Kathleen Hurty, who served as executive director of the New York-based organization, said she and four other full-time employees as well as two part-time workers lost their jobs Dec. 11.
Hurty said the reason for the terminations was "really unclear." She said she originally felt pressured to resign, but decided to withdraw her resignation and considers herself fired.
"I care a great deal about the mission of Church Women United and I think this action defies their mission," she said. "It is an organization that has so much rich history and tremendous potential and this is a real setback."
At least two denominational women's organizations -- those affiliated with the United Methodist Church and the Christian Church (Disciples of Christ) -- are so upset about the turn of events they have decided to temporarily withhold their funding of Church Women United.
Founded in 1941, the racially and ethnically diverse organization is a grass-roots movement that includes what leaders say is some 500,000 Protestant, Roman Catholic and Orthodox women. Those affiliated with the organization meet regularly in local communities for prayer, Bible study and discussions of advocacy issues, such as justice for women and children.
Recently, the organization has been developing a mentoring program for young women and a partnership with other organizations to address children's environmental health.As of Dec. 31, there will be eight staffers left on the organization's payroll.
The Rev. Ellen Frost, senior associate for Disciples Women, the women's division of the Christian Church (Disciples of Christ), said her denomination also has decided to withhold its contributions "until this situation is settled."
Frost, who also is the representative of denominational executives on the Church Women United board, said she was not contacted about the firings before they happened and there is not a documented reason for the action. Some people believe it may be related to financial troubles, but others have said there has been ongoing "financial distress" and cannot understand why the firings occurred at this time.
The Rev. Jerrye Champion, president of Church Women United, confirmed three full-time and two part-time staffers were fired and said two others resigned.
"Our intent was to terminate," she said, declining to explain the reason for the firings. "We were providing an opportunity for resignation if persons desired to."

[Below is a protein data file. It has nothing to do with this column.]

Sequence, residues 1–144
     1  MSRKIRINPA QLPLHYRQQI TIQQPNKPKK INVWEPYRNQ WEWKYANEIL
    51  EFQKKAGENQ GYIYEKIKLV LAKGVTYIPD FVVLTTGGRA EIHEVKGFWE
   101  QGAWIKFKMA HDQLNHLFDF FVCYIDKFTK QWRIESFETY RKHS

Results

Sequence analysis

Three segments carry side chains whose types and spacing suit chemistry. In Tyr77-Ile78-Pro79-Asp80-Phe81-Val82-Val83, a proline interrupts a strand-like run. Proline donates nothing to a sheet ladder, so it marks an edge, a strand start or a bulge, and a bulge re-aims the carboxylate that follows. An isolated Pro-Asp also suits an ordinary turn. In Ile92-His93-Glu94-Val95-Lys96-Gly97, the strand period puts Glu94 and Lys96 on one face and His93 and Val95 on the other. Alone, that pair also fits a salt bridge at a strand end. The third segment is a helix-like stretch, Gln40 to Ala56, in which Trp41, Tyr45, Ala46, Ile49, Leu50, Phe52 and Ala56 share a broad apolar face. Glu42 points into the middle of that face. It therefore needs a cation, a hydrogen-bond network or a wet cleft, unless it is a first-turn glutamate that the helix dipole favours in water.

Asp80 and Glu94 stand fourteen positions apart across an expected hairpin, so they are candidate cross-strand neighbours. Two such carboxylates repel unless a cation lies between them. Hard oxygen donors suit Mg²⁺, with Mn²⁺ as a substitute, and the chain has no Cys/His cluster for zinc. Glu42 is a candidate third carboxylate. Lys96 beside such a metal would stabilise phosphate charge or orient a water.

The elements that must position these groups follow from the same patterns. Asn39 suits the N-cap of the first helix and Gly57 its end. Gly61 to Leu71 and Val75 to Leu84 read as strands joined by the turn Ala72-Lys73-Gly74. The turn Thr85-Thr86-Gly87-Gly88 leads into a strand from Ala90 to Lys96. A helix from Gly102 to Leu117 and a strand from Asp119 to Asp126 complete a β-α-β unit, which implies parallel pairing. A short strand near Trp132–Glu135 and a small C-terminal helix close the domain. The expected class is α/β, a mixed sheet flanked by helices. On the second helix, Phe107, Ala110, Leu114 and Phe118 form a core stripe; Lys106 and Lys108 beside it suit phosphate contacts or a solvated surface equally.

Champion acknowledged Hurty has written a letter withdrawing her resignation.
"This is not a crisis for Church Women United," she said. "This is not something that has just happened in a spontaneous way."
But Dorothy F. Rose, a member of the board's personnel committee, said the action was a "surprise" to her and she disagreed with it because it did not follow proper personnel procedures. She said board members were called individually on the day before the termination and polled on their views about the matter.
"The three officers went into the office on Monday and told people they had an hour to clear out their desks and go home," said Rose, of Baldwinsville, N.Y. "I consider it to be inappropriate."
Champion disagreed with those who questioned the manner in which the terminations took place.
"We have followed all the rules," she said. "We are located ... all over the country and so we have to have a way of keeping the organization mobilized instantaneously."
Rose said the terminations leave the organization with two professional staff members, one in New York and one in its Washington office.
"I think the organization has placed itself in jeopardy," she said.
Church Women United issued a statement Thursday declaring confidence in the organization's future, but declining to discuss "confidential personnel matters."
"We do, however, want to take this opportunity to assure our supporting denominations and all other interested persons that the work of Church Women United will go on, even more effectively and with even greater commitment than it has in the past," the statement reads.